Book Review: For Love of the Imagination

Michael Vannoy Adams, For Love of the Imagination
London and New York: Routledge, 2014

The following book review by Ginette Paris is from Spring: A Journal of Archetype and Culture , 91 (Fall 2014): 289-91.

Michael Vannoy Adams remains the undisputed champion of the basic and foundational insight of Jungian psychology: "we have to keep it simple, and stick to the image." The benefits of examining the inner images we live by (call them, if you wish, symbols, metaphors, myths, archetypes, narratives, scripts . . .) is the reason why Adams suggests that Jungian psychology is an imaginology — rather than a psychology. "For me, psychotherapy is essentially an affair of images — of how we imagine, and, more important, reimagine ourselves," writes Adams. This process of reimagining ourselves, Adams, in 2004, called the fantasy principle, and now, in 2014, he argues that it is more fundamental than either the pleasure principle or the reality principle. "The reason that I am a Jungian rather than a Freudian is that it seems to me that Freud wants to rectify the imagination - to require what I call the fantasy principle to conform to what he calls the reality principle." Adams's sharp critical judgment also applies to Jungians who only ask what images mean, while neglecting to ask how they mean. The how we construct — and deconstruct — reality is the core of a Jungian analysis.

Adams's imaginology is not only a way back to the essential Jung, it is also a way out of the tiresome hyper-theorizing that is typical of an aging, fading, dying, boring Jungian orthodoxy. For too long, the emphasis has been on the interpretation of the image — a left brain, logos operation — while reimagining is a right brain, Eros operation. Like an app that needs upgrading to function on new operating systems, what Adams calls the Jungian app needs to redress the balance between interpreting and imagining. Adams urges Jungians to leave the field of conceptual essentialism with its "vain definitional conflict over concepts that are intrinsically vague" to get back to the core task of analysis: the differentiation of imagination. "To me, the discovery that internal reality, psychic reality — or imaginal reality — is just as real as any external reality is the most important discovery of psychoanalysis."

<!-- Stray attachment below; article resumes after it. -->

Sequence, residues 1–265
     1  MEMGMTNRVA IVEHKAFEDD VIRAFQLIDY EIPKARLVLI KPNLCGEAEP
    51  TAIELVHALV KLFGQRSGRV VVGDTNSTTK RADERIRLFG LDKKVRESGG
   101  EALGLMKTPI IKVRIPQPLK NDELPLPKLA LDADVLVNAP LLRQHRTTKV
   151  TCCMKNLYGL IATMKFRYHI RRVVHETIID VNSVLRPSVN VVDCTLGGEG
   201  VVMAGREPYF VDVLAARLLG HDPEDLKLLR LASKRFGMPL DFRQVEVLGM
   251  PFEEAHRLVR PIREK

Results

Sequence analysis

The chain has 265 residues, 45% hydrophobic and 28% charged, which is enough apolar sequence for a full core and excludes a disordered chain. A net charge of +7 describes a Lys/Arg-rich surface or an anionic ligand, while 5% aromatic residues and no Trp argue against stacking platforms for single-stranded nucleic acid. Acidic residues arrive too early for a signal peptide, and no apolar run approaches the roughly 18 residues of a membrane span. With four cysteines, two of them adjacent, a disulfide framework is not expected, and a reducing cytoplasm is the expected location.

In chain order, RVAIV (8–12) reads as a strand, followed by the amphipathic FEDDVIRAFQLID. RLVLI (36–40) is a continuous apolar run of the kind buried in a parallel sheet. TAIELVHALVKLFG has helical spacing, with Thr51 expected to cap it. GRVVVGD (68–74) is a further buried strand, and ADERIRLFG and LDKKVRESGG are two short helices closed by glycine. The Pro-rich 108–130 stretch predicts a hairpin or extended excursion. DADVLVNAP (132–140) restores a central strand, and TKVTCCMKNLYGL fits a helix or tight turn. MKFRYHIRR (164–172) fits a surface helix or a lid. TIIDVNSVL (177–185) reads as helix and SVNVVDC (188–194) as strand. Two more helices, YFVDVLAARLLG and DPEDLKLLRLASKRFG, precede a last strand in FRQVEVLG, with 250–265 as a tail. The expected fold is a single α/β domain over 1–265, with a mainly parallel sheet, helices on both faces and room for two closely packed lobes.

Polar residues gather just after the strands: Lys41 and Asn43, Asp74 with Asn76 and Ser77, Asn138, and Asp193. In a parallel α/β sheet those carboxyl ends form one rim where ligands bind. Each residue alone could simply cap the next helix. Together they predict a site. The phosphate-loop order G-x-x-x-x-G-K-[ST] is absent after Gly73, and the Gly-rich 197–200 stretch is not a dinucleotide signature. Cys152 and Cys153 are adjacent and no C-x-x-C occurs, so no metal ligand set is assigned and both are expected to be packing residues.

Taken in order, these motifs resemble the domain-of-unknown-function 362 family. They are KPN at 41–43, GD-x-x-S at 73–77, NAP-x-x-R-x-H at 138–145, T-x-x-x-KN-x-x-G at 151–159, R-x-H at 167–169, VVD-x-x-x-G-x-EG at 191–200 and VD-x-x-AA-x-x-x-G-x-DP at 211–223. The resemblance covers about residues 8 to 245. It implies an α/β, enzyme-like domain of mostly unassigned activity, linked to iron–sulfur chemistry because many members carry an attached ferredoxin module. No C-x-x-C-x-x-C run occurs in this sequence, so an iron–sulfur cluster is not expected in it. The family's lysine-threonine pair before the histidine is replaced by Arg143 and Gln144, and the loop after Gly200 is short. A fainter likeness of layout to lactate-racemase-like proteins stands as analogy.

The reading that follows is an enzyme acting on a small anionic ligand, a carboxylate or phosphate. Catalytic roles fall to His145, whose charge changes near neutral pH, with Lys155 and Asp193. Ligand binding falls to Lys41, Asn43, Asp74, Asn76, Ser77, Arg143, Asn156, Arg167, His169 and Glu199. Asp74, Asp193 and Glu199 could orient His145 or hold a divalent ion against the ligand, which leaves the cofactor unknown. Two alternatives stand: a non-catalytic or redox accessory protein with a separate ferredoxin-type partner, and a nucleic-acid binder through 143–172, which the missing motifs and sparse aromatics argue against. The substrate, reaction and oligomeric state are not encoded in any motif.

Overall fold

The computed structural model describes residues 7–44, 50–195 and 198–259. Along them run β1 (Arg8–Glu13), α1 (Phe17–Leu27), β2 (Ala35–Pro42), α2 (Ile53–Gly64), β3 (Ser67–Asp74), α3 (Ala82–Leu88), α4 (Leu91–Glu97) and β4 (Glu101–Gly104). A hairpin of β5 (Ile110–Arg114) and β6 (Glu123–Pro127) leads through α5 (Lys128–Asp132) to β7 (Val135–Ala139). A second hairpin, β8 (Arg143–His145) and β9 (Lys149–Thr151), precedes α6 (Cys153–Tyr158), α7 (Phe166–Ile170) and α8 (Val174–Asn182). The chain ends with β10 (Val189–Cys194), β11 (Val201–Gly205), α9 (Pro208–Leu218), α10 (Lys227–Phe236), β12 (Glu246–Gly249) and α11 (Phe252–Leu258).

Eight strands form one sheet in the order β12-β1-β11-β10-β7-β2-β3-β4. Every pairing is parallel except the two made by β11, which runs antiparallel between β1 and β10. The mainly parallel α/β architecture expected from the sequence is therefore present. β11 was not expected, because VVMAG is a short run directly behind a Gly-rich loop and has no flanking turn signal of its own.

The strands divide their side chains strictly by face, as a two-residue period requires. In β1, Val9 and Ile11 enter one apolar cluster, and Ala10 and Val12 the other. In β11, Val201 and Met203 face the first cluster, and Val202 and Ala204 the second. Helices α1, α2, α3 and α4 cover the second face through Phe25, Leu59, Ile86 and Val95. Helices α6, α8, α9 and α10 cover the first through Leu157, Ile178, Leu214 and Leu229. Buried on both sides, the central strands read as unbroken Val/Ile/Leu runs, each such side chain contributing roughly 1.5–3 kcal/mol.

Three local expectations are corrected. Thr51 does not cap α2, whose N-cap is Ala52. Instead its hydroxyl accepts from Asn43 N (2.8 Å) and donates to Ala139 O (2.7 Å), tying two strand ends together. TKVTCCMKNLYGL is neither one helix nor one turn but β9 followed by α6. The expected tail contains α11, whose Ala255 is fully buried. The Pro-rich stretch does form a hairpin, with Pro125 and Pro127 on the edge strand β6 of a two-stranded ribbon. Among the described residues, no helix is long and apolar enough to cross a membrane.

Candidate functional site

Neuroscience would agree with such a statement. The new wave of left brain/right brain research (summarized among others by Iain McGilchrist) demonstrates how inner images push neurons around. This biological reality underscores the necessity of a balance between right and left brain operations.

When Adams explores what he calls non-ego images, he reminds us how surprising they always appear, because they have a transformative power that may frighten the ego. For that very reason, we, like Adams, should be curious about non-ego images! This curiosity brings us to what Hillman believed Jungians should be doing: "We need an imaginal ego that is at home in the imaginal realm, an ego that can undertake the major task now confronting psychology: the differentiation of the imaginal."

Adams's writing is doing "things with images that do things." He does it by seeing through many trends in our culture, for example, the conceptual impossible purity in Giegerich's discourse, or Hillman's brilliant renaming the unconscious as the imagination. He makes us see through the ideological stance that keeps our economy in the grip of the myth of the invisible hand, with its rigid ideology of the bottom line. He renews our imagination of political heroism, with Obama as Icarus: "the myth of Icarus does not say not to fly. The moral of the story is to fly just high enough and not fall." He invites us to visit Moscow's mythological unconscious.

Adams's imaginology is both original and a most-needed return to the basics, before conceptual jargon contaminates our whole field. Adams writes: "Ironically, it is not the unconscious that is unconscious. Rather, it is the ego-image that is unconscious, and what it is unconscious of is the imagination — the images that emerge continuously, incessantly from the unconscious." I read this great quote to also mean this: Ironically, it is not so much the unconscious of the patient that is unconscious. It is the ego of the analyst that is unconscious, and what it is unconscious of is his imagination and that of the patient.